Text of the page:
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Publication numberUS1280909 A
Publication typeGrant
Publication dateOct 8, 1918
Filing dateFeb 5, 1916
Priority dateFeb 5, 1916
Publication numberUS 1280909 A, US 1280909A, US-A-1280909, US1280909 A, US1280909A
InventorsCharles M Wales, Charles Baskerville
Original AssigneeMetalco Company
Export CitationBiBTeX, EndNote, RefMan
External Links: USPTO, USPTO Assignment, Espacenet
Manufacture of pipes.
US 1280909 A
Abstract  available in
Previous page
Next page
Claims  available in
Description  (OCR text may contain errors)




Patented Oct. 8, 1918.

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Application filed February 5, 1916.

To all whom it may concern Be it known that we, CHARLES M. WALES and CHARLES BASKERVILLE, citizens of the United States, and residents of the borough of Manhattan, city of New York, county and State of New York, have made certain new and useful'Improvements in the Manufacture of Pipes, of which the following is a specification.

The object of the invention is to produce a pipe having a lead or a lead alloy coating which is secured to a ferrous reinforcing member that is preferably in the form of a gauze, netting or perforated sheet. Such a pipe is useful'where it is desired to have strength and at the same time a lead or lead alloy coating whereby the pipe will not be subject to attack by many acids.

As illustrating certain manners in which the invention may be realized reference is made to the drawing forminga part of this specification and in which drawing,

Figure 1 shows in perspective one form of blank which may be employed in making a pipe.

Fig. 2 shows the same blank when bent into circular form prior to the overlapping ends being united so as to complete the pipe.

Fig. 3 is a perspective view of the fin shed pipe made from the blank 'shown in Fig, 1.

Fig. 4 is a perspective view of another form of blank which may be employed in the making of a lead pipe having a ferrous reinforcing member.

Fig. 5 is an end view of the blank after the same has been bent into substantially circular form.

Fig. 6 is a perspective view of the pipe made by the employment of the blank shown in Fig.

Figs. 7 and 8 are, respectively, end and side views of a reinforcing member which may be employed in the manufacture of a lead pipe.

Fig. 9 is a perspective view of a pipe which is made by dipping the blank shown in Figs. 7 and 8 in hot lead after said blank has been properly treated.

According to the present invention a ferrous reinforcing member, which is preferably in the form of a wire gauze, netting or perforated sheet, of either 1ron or steel, 1s properly cleaned as by pickling in any suitable acid in any well known manner. en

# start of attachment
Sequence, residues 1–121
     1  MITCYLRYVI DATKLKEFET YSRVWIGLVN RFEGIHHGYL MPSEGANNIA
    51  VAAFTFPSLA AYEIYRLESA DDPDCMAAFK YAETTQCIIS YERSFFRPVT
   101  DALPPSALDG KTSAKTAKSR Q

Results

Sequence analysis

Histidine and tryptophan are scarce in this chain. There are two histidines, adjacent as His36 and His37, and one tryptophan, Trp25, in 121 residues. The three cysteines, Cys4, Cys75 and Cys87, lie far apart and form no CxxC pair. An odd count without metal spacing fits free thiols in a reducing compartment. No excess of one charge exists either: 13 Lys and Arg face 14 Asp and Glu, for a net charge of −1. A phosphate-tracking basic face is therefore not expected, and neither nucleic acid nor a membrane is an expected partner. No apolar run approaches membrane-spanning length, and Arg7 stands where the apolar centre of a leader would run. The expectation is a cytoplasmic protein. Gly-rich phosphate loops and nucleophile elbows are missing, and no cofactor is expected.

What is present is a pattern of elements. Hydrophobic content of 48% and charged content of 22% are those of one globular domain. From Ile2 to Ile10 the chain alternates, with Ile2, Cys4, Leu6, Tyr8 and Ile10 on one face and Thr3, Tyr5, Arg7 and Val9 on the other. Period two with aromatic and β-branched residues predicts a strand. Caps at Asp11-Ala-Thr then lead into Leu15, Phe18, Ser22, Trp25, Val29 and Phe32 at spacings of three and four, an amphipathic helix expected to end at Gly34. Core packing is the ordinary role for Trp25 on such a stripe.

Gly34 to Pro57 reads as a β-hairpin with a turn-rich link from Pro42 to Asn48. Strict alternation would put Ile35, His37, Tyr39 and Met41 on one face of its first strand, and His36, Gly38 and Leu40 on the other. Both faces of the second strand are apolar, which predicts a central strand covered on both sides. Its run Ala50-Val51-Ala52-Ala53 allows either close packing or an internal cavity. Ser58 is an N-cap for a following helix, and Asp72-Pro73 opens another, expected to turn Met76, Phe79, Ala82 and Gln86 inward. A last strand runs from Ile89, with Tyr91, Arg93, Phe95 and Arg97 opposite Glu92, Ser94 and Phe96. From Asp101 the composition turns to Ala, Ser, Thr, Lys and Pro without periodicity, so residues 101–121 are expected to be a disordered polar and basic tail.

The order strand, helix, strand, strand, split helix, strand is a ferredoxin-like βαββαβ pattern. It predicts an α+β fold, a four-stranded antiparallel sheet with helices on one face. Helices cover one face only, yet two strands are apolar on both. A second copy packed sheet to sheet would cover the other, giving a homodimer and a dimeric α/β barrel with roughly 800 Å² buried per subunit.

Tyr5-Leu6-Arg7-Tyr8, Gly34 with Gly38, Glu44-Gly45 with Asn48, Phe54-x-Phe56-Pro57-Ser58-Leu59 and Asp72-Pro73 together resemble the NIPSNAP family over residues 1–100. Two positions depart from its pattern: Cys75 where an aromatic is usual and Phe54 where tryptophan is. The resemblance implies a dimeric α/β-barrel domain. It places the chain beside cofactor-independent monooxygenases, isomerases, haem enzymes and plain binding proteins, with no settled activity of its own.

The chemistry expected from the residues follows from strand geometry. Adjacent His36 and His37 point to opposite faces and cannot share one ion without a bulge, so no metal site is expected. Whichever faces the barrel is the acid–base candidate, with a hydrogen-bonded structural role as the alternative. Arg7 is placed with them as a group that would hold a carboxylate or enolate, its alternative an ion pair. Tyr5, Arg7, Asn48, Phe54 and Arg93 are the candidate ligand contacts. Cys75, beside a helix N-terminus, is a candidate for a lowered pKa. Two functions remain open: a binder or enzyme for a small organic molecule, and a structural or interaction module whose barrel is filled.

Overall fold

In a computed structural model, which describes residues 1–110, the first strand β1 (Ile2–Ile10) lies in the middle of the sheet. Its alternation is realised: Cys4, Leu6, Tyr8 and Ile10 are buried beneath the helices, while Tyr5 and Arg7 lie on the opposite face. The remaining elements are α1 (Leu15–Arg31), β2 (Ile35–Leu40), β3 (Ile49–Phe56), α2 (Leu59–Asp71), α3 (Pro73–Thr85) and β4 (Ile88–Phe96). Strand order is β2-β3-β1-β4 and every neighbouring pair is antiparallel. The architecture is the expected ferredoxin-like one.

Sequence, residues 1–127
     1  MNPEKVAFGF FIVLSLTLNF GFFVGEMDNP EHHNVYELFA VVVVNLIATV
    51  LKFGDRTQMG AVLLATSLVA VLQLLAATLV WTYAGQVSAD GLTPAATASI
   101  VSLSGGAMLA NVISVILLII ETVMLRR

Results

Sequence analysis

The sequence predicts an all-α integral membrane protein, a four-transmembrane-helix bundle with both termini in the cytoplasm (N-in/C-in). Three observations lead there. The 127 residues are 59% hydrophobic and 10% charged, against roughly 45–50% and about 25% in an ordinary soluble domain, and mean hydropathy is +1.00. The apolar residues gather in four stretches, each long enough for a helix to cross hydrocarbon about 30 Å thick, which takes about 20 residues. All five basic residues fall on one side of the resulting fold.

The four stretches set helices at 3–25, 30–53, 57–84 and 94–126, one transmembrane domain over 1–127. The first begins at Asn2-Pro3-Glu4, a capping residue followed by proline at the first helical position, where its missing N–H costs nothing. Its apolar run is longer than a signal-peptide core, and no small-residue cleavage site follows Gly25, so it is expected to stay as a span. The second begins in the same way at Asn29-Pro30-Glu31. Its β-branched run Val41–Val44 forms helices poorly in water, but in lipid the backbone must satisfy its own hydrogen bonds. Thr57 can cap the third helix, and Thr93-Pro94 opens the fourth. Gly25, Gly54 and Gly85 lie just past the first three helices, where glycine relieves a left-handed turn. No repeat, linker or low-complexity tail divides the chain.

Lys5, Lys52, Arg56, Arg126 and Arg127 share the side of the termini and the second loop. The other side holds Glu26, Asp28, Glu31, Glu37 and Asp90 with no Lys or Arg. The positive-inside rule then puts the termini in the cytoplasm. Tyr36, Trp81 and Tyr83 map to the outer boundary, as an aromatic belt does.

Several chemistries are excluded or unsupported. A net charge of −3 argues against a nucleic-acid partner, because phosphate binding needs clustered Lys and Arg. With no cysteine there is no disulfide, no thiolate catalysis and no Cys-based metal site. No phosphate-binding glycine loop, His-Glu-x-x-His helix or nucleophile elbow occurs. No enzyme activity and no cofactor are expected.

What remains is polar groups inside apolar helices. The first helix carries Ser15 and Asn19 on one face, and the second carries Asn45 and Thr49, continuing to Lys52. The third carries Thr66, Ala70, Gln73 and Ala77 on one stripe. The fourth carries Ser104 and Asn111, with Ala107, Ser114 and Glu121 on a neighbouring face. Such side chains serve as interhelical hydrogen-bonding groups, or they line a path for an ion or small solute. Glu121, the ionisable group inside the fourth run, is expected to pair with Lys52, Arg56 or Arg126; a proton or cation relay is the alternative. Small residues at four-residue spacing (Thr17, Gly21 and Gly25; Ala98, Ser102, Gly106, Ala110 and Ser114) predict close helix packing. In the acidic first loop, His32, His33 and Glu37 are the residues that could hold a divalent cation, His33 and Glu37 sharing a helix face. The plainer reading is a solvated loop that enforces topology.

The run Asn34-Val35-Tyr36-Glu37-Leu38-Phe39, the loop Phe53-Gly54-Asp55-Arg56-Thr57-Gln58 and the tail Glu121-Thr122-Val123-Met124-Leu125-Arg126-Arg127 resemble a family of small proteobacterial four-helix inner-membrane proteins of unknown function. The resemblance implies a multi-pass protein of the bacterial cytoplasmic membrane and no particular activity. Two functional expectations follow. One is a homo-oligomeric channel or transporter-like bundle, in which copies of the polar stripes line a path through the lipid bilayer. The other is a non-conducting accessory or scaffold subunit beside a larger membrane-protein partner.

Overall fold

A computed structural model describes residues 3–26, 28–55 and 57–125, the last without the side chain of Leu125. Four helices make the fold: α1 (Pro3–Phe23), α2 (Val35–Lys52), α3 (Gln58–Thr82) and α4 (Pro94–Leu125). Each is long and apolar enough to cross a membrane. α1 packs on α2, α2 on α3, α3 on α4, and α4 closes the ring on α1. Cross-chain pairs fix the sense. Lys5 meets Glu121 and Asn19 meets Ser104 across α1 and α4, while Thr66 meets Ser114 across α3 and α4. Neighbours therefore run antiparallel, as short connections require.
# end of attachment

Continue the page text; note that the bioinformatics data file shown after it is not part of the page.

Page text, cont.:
cleaned it is preferably dipped in a zinc Specification of Letters Patent Patented Oct. 8, 1918.

Serial N 0. 76,330.

chlorid or antimony chlorid solution. The function of this solution is to serve as a flux to maintain the ferrous reinforcing member in a clean condition. The reinforcin member which is, as previously indicate preferably in the form of gauze or the like, is then dipped into a molten antimony lead alloy. The .alloy will hereinafter be referred to as the alloy of binding material. This binding alloy contains approximately from 10 to 13% of antimony and is preferably covered with a suitable flux when in a molten condition. When the reinforcing member is thus dipped it acquires a coating of the binding material and it is now ready for the reception of the main covering or coating material which is to provide the exterior of the final article.

This main covering is a chemically pure lead or an alloy containing lead. This additional lead or lead alloy which provides the coating or covering may be applied to the gauze which has been dipped into the binding alloy or to which the binding alloy has otherwise been applied as by pressing the treated gauze or the like into a thin layer of molten lead or lead alloy some of which molten lead or alloy is allowed to solidify and remain on the treated gauze. This dipping operation into the molten lead or lead alloy may be continued until the required structure has been built up or the additional lead may be secured to the reinforcing member of gauze or the like as by placing the gauze between sheets of lead or sheets of lead alloy and passing the same between heated rollers; or the additional lead or lead alloy may be applied to the gauze or the like by feeding the gauze between two troughs con taining molten lead or lead alloy and which troughs are constructed so as to feed out layers of molten metal against the gauze whereby the molten metal thus fed will solidify and adhere to the gauze.

According to the present invention a gauze or wire netting as shown in Fig. 1 is treated in any suitable manner as above described and a body of lead is applied to opposite sides thereof so as to form two sheets B and C, so to speak, of lead that are connected to each other and also to the ferrous metal in the reinforcing member A through the medium of the binder comprising an alloy of antimony and lead. The reinforcing member shown in Fig. 1 is made as by weaving the wires D and E, part of which wires extend circumferentially ofthe pipe when the pipe is completed and-the rest of which wires preferably extend along the 1 e. p lfn Fi 4 the reinforcing member is designated y A and the sheets of lead which are secured thereto on opposite sides thereof are designated by B and C. The reinforcing member A shown in this figure is a gauze or netting in the form of a perforated metal sheet.